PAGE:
With its stunning sunsets, charming medinas and enchanting spice souks, Morocco is the perfect destination for foodies looking for a sun-filled break – even more so now that Ryanair has announced plans they are opening two new bases in Fes and Marrakech and starting flights from Essaouira and Rabat from April 2013, making it quicker and cheaper to visit this exotic corner of Africa than ever before.
If the thought of traditional tagines, sticky pastries and refreshing mint teas whets your appetite, we’ve got the low down on where to head in each of these foodie havens, and the ingredients that you should be packing in your suitcase to enjoy once home.
Essaouira lies on the Atlantic coast of southern Morocco, two and a half hours from Marrakech. Its seaside location brings about an air of relaxation that’s hard to find in some of the in-land resorts and means you’re guaranteed the freshest seafood.
The main buzz centres on Place Moulay Hassan, the main square, where you’ll find lots of fish grills selling the days catch. A hearty plateful of seafood, including bread, salad and soft drinks, should cost you about a fiver per person. Of course, you can sample the seafood in the city’s many restaurants too, with dishes such as shrimp and squid tagine, oysters, tuna steaks, prawn curries and more.
Also, you might want to consider staying in one of Essaouira’s countless self-catered riads (we recommend Dar Lazuli, where the apartments come stocked with Moroccan cookery books), and then head to the spice souks, food and fish markets to purchase everything that takes your fancy (easier said than done!) and head back to cook up a storm in the comfort of your own space.
Be sure to haggle in the markets for a tagine so that you can recreate some of your new favourite dishes at home. If there’s no space in your suitcase, pick one up back home; Steamer Trading Cookshops stocks ceramic tagines which will have you rustling up Moroccan delicacies in no time.
Situated in-land in the north of Morocco, Fes is a striking, bustling, medieval city encased by ancient walls. Locals consider it the cultural capital of the country and it’s a true shopper’s paradise, with jewellery, leather, ceramics and spices for sale on every corner.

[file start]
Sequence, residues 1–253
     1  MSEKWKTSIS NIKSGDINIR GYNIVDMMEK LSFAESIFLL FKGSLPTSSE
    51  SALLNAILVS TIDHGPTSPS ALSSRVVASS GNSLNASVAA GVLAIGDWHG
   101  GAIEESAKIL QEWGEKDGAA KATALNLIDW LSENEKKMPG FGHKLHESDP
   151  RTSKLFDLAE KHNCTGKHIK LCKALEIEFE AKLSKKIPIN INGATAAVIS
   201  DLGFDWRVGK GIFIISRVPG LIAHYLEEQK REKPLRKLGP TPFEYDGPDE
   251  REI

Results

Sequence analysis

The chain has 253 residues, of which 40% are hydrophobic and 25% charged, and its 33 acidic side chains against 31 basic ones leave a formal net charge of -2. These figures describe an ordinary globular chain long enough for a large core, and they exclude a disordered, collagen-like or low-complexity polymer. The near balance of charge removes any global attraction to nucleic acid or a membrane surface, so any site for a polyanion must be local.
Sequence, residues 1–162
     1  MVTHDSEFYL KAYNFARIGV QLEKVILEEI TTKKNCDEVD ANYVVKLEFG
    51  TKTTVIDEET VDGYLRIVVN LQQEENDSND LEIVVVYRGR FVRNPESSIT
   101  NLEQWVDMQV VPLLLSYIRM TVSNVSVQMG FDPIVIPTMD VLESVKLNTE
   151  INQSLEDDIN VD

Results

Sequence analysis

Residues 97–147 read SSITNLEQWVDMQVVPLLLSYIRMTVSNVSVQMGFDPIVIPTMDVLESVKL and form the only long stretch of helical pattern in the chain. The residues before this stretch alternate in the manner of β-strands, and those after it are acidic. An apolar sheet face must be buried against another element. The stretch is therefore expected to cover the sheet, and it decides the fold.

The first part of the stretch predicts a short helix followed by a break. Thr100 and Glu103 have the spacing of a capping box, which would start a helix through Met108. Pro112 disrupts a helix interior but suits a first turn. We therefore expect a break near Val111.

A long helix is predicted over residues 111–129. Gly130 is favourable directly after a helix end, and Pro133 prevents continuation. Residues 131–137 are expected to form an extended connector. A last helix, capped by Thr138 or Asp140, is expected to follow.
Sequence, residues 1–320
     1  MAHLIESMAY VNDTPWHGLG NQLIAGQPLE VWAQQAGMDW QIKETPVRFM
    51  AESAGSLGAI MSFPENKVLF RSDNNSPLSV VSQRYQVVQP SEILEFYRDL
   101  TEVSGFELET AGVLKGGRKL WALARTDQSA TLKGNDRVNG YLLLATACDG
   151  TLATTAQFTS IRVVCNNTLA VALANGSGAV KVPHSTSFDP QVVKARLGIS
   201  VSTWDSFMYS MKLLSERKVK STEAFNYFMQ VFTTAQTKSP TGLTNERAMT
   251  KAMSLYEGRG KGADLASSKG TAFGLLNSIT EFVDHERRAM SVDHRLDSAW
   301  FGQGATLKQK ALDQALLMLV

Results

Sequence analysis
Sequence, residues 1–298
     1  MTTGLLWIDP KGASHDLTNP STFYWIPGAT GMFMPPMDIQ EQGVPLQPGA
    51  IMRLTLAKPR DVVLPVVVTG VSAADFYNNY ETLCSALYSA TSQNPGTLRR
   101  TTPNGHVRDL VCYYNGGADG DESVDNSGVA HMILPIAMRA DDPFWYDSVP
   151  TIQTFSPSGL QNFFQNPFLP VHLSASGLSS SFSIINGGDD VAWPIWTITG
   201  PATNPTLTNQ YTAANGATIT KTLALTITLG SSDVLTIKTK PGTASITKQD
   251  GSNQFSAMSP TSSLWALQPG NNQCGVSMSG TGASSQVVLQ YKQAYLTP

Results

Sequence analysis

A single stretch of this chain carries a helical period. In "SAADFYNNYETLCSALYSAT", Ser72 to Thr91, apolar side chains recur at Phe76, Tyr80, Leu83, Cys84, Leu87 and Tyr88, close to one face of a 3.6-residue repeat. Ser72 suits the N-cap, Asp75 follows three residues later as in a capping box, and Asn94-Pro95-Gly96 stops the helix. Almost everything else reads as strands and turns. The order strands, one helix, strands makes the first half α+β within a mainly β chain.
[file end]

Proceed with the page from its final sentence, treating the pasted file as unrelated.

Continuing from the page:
Most tourists flock to Fes el-Bali, the old medina and a UNESCO world heritage site. There are approximately 9,000 alley ways to explore and most are dotted with eateries or stalls selling delicious treats. Spend your days exploring, and look out for the fresh fruit and veg; Fes grew so quickly in its early days because the land is especially fertile, and it’s still very evident today.
Moroccan food is famed for combining fruit and savoury ingredients, so look out for preserved fruit, in particular lemons, apricots and raisins, to bring home and give your meals an authentic Moroccan edge.
Probably Morocco’s best-known destination, Marrakech is a hustling, bustling city, located in the centre of the country. The old town souks are absolutely packed with stalls selling everything from carpets, to spices, to water, to potions, and are a prime place to pick up a bargain. However, the Ville Nouvelle, or new town, is fast emerging as a foodie-friendly destination too, and is well worth paying a visit.
Ensure you’re close to the Djemaa el Fna for early evening and watch the spectacle as street food vendors create restaurants out of thin air and get to work on their grills. The stalls are numbered, and all offer delicious food on the go.
As a foodie, it’ll be near impossible to walk through the markets and not be distracted by the huge range of spices on offer. Make sure you pick up plenty of ras el hanout so that you can cook up authentic Moroccan feasts back home, and consider stocking up on saffron too; it’s much cheaper in Morocco. Just be aware that some traders sell fake spice, so be wary if the deal seems too good to be true; it probably is.
Less known to tourists than Marrakech, Rabat is actually Morocco’s capital city. It’s situated on the Atlantic Coast, further north than Essaouira, at the mouth of the river Bou Regregm and has a relaxed, cosmopolitan vibe.
There are some fantastic restaurants in the city – many of which shy away from traditional fare and favour French influences. There’s even a Japanese eatery, so Rabat is a great destination to head to if you’re looking for diversity.
As always, the medina is hugely popular with tourists and you should head here to pick up any ingredients you want to bring home. Keep an eye out especially for argan oil; it’s fast becoming an ingredient de jour at home (it’s amazing on salads) and as such its price is increasing, but in Morocco, where it’s been used for years, it’s still remarkably cheap.
Image courtesy of- austinevan